Judgment for Teachers

Description

Do not take the task of teaching too casually. When we accept such a position of influence over others, God will judge the words we speak more strictly.

“Not many of you should become teachers, my brothers, for you know that we who teach will be judged with greater strictness” (James 3:1)—James 3:1–2.

Today we return to the book of James Chapter 3. James is primarily concerned with explaining how true faith responds to the various trials we encounter in our lives. Authentic faith rejoices in trials, asking for wisdom to endure them, for in the endurance of trials, perseverance is produced (James 1:1–8). Genuine trust in the Lord manifests itself when the rich are not favored in the church but are encouraged, along with the poor, to boast in the Lord (1:9–10; 2:1–7).

True faith is revealed in that genuine believers not only hear the Word of God, but they also obey it (1:22–25). The good works done in obedience to our Lord and Savior do not in any way contribute to our justification. However, if we do not respond to our trials by producing good works, we must question ourselves as to whether we have actually trusted in Christ alone for salvation (2:14–26).

Having already emphasized the importance of good works as evidence of our salvation at the close of chapter 2, James again in chapter 3 gives us practical advice concerning the good work of bridling the tongue. In verses 1 and 2, he introduces this subject by telling us that not many of us should become teachers.

The warning concerning teachers is a particularly appropriate way to introduce this section since teachers generally use their tongues in their work far more than any other profession. The reason why not many should become teachers is that teachers will be judged with greater strictness (v. 1). If every idle word will be brought into judgment (Matt. 12:36), then how much more will the statements of teachers be judged since they so deeply influence our knowledge of God and development of Christian character?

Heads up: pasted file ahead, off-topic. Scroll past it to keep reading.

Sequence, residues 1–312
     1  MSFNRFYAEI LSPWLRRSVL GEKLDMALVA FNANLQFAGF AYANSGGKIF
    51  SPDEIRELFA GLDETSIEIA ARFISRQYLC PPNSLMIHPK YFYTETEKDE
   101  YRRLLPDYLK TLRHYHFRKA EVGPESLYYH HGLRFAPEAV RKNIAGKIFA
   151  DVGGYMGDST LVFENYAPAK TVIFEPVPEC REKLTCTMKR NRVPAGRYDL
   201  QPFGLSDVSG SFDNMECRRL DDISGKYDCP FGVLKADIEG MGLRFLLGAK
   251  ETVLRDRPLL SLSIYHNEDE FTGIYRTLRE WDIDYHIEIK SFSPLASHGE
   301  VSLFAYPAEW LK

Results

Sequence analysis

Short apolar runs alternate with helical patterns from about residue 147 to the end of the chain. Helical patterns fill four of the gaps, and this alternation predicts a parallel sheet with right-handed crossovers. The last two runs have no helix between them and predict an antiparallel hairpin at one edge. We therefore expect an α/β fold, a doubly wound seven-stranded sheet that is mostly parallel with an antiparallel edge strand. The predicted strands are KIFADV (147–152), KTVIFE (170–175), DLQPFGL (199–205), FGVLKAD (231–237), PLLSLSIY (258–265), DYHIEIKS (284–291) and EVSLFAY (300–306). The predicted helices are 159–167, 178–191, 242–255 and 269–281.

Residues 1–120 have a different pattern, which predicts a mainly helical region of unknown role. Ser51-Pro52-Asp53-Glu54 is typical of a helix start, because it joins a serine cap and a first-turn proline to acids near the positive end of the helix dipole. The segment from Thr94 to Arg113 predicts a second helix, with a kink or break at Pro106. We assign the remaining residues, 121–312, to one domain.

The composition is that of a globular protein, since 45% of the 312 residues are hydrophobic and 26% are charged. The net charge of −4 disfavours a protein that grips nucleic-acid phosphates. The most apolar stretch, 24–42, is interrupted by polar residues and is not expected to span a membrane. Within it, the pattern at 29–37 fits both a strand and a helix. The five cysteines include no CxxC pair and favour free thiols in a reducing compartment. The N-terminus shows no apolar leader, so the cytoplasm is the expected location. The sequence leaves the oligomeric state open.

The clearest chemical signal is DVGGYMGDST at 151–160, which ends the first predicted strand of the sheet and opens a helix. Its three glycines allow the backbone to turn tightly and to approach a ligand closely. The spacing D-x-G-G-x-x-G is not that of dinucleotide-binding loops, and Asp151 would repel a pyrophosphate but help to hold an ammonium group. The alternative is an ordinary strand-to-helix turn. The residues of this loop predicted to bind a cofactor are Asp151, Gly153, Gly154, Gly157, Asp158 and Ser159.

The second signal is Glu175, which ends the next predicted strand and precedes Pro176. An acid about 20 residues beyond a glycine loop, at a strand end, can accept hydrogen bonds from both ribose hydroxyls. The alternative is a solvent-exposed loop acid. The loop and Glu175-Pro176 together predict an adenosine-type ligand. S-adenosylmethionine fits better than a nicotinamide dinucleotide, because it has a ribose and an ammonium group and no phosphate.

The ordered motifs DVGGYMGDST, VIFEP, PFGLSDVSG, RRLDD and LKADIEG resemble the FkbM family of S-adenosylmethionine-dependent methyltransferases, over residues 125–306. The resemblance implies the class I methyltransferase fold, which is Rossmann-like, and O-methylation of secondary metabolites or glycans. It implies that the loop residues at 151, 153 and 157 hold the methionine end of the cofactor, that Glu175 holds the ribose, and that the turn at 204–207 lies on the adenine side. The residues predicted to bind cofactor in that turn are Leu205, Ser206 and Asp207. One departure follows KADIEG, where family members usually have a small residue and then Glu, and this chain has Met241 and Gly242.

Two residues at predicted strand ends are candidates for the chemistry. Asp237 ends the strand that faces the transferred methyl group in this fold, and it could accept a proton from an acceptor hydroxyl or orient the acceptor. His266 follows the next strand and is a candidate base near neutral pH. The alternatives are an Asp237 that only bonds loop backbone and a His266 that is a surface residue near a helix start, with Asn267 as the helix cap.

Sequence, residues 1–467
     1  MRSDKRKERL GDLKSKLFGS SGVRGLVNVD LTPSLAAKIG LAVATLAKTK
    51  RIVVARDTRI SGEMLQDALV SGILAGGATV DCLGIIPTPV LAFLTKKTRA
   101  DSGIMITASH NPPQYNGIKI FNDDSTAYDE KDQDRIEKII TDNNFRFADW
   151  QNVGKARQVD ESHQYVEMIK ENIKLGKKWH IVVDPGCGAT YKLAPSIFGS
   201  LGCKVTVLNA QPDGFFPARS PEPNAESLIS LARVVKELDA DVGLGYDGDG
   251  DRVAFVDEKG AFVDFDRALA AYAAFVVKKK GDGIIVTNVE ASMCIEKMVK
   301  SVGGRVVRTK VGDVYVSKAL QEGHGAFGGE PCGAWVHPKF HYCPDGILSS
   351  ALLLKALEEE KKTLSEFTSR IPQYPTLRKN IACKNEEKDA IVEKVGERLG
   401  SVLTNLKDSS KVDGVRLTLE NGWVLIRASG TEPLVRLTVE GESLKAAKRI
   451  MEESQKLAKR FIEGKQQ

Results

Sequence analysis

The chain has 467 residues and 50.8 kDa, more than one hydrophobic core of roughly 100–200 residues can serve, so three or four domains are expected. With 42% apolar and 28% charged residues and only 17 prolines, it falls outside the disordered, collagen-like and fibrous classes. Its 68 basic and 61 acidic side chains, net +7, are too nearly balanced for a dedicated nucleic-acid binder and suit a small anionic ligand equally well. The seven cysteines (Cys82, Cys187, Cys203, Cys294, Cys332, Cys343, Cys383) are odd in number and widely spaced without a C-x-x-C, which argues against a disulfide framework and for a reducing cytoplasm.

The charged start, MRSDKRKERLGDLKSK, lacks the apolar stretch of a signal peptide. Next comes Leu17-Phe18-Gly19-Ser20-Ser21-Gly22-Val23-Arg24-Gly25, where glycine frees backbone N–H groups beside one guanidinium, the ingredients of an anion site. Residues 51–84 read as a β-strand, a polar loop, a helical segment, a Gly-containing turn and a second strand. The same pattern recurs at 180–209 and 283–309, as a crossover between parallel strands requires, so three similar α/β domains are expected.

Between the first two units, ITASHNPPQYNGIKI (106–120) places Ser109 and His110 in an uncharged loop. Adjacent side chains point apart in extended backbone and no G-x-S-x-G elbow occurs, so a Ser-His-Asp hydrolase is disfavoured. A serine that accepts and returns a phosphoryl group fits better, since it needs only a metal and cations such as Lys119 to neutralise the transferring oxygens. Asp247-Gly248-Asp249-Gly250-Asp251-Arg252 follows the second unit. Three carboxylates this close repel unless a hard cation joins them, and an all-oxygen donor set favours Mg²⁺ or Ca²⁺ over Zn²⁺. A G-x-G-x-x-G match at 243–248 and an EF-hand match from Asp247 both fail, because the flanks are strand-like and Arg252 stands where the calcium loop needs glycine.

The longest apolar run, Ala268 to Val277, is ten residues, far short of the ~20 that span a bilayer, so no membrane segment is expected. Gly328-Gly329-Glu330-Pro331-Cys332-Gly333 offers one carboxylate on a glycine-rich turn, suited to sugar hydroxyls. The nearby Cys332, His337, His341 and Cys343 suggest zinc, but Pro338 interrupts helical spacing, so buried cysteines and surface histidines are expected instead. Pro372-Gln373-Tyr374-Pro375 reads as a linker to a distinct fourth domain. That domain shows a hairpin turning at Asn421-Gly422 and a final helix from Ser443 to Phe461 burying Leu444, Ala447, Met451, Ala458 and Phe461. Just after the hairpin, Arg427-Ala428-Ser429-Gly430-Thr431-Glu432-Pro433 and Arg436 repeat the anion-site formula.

James also notes that all of us stumble in many ways, especially in our speech (3:2). All of us have spoken maliciously at times, often without even thinking about it. But, as James says, if we can control the tongue we will also be able to control our whole body. Since it is so easy to have a sinful slip of the tongue, if we can avoid sinning when we speak, we will also be able to avoid sinning elsewhere.

Coram Deo

Today’s passage warns us about taking up the task of teaching too casually. When we accept such a position of influence over others, whether in an official, ministerial capacity or not, God will judge the words we speak more strictly. If you are in a teaching position now, carefully prepare your lessons so that you teach only what the Bible teaches. If you are not currently serving as a teacher, spend much time in prayer and consideration before you volunteer to be one.

Passages for Further Study

Deut. 4:2; 
Matt. 12:36–37; 
Heb. 13:17; 
Rev. 22:18–19

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